This is actually interesting you brought up Risen because I would reverse the scores - for me Risen and Risen 2 are both as close to 5-stars as an open-world RPG can get, though I would hesitate to write a 5-star review for them. Yet I acknowledge they have flaws some of which are very severe indeed. Dishonored I'd probably give a 3 or 3.5.

Yet if I was reviewing for Escapist, I could write a review for Risen, (or any other flawed game), pointing out all those flaws and still say "but I enjoyed it immensely so I'm giving it 5 stars". After all why should I give it less if I enjoy it as much as perfect games which I gave 5 stars? And why should I give a high score for Dishonored if I didn't enjoy it, even if I can tick off the boxes "good gameplay", "good atmosphere", "interesting story" etc.?

Basically, I'm saying that a review rating based on my own enjoyment is a pretty pointless one.

ResonanceGames:
The phrase "individual rights" didn't even enter the lexicon until the 18th century (via Thomas Paine, in fact).

Dishonored's society is the equivalent of several hundred years before that - mostly inspired by London circa 1666. What you're proposing is that Corvo either be wildly anachronistic within the framework of the game, or that he be the most progressive and brilliant social philosopher in Dunwall.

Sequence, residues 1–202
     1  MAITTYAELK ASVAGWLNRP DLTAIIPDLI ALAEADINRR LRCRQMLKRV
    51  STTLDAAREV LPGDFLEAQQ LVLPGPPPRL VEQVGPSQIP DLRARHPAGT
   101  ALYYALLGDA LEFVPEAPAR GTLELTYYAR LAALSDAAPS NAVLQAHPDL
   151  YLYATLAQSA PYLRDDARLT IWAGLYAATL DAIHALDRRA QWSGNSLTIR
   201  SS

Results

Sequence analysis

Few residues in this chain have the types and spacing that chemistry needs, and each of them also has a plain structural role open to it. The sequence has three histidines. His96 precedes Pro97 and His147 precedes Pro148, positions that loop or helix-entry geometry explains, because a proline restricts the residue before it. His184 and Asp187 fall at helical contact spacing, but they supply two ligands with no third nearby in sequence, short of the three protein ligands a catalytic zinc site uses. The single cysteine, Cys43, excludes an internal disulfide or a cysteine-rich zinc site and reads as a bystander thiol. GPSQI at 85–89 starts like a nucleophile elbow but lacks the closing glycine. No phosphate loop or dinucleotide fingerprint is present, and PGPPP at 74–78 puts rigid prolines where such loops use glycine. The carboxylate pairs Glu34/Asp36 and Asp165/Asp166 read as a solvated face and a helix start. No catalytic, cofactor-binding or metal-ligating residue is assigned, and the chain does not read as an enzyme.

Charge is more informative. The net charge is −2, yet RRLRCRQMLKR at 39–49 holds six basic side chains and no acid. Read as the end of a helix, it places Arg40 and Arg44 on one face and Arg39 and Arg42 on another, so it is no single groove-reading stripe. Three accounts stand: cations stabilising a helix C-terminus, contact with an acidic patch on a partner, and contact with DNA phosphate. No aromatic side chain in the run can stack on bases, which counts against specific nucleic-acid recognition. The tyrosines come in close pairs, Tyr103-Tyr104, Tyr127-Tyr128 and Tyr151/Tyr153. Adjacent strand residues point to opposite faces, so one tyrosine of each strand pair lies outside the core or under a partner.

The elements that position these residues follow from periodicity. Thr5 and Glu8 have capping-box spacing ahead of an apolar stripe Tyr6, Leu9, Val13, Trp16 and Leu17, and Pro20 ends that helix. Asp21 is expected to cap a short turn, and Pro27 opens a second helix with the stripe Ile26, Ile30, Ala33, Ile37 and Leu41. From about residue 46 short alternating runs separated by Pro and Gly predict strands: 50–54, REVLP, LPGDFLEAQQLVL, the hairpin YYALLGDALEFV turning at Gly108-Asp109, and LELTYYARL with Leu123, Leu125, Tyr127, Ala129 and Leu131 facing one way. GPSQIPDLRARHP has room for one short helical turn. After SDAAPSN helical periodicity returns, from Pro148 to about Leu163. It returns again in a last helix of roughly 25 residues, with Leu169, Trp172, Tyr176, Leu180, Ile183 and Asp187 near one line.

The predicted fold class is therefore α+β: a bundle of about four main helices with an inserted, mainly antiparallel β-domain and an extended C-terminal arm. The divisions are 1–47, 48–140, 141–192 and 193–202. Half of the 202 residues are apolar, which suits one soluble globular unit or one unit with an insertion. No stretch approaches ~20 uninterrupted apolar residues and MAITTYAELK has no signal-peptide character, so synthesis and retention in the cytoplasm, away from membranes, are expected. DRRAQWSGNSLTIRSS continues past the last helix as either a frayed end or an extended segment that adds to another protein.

It would be as cringeworthy as when they did all that in Braveheart.

The difference being, however, that when watching a film, you're not acting from your own perspective. You are disconnected with all the characters on the screen. With a game, however, and especially a first-person one, the way you play it is logically affected by our modern-age liberalistic views.

After a playthrough on the PS3 (with Ghost and No Kills achieved), the game does not deserve a 5/5 score.

The game is short and lacks proper pacing. Everyone is going on about how much a change you are causing, but that's nowhere to be seen. Massive choices are just waved off and there is no visible change to anything that you've done. It's a bland, at times lifeless world. Despite looking pretty. It's also only 9 missions long, including the prologue. The shortest missions will take about 20-30 minutes to complete on the first run (unless you artificially start lengthening your game time by staring at every single faucet and painting), on a second run of a mission it took me ten minutes. Overall the game was about 9 hours due to some repeats on levels.

Dialog repeats itself. It's almost ridiculous how poor the implementation is. The same three sentences are repeated all the time by every single character, and it sounds like they hired only three people to do the background dialog. Most voice acting is fine, but side characters tend to be hammy.